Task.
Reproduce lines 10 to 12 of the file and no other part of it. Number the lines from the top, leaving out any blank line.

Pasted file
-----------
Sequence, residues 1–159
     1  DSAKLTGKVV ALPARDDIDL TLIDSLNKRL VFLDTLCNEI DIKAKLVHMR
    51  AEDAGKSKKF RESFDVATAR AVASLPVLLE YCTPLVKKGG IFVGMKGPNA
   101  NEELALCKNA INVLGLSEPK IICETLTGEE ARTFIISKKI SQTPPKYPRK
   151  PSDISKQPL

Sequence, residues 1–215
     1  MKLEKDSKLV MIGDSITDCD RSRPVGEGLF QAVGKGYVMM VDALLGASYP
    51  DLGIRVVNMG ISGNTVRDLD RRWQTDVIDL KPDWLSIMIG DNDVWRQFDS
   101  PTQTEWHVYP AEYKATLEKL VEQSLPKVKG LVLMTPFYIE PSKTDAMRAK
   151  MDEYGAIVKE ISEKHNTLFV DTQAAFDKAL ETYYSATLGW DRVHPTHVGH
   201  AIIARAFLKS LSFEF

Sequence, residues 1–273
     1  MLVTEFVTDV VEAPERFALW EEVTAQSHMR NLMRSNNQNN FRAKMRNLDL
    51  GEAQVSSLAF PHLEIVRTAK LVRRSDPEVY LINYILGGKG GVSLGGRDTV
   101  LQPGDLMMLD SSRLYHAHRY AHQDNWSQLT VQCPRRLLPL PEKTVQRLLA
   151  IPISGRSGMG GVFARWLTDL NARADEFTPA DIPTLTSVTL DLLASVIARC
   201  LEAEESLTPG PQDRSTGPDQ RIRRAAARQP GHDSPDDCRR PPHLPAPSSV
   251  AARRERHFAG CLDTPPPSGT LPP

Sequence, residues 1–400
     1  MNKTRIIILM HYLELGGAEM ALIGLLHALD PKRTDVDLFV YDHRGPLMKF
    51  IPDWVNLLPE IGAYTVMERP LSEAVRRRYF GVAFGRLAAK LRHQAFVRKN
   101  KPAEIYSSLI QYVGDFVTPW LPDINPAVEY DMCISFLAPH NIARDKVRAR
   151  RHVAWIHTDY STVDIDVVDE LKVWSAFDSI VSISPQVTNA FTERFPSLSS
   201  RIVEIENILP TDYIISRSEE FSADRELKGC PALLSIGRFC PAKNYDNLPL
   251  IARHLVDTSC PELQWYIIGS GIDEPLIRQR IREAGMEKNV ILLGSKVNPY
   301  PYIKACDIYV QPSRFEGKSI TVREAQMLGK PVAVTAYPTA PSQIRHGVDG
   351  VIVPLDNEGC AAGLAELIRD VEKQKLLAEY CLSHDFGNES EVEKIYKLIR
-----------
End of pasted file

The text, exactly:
   151  MDEYGAIVKE ISEKHNTLFV DTQAAFDKAL ETYYSATLGW DRVHPTHVGH
   201  AIIARAFLKS LSFEF

Sequence, residues 1–273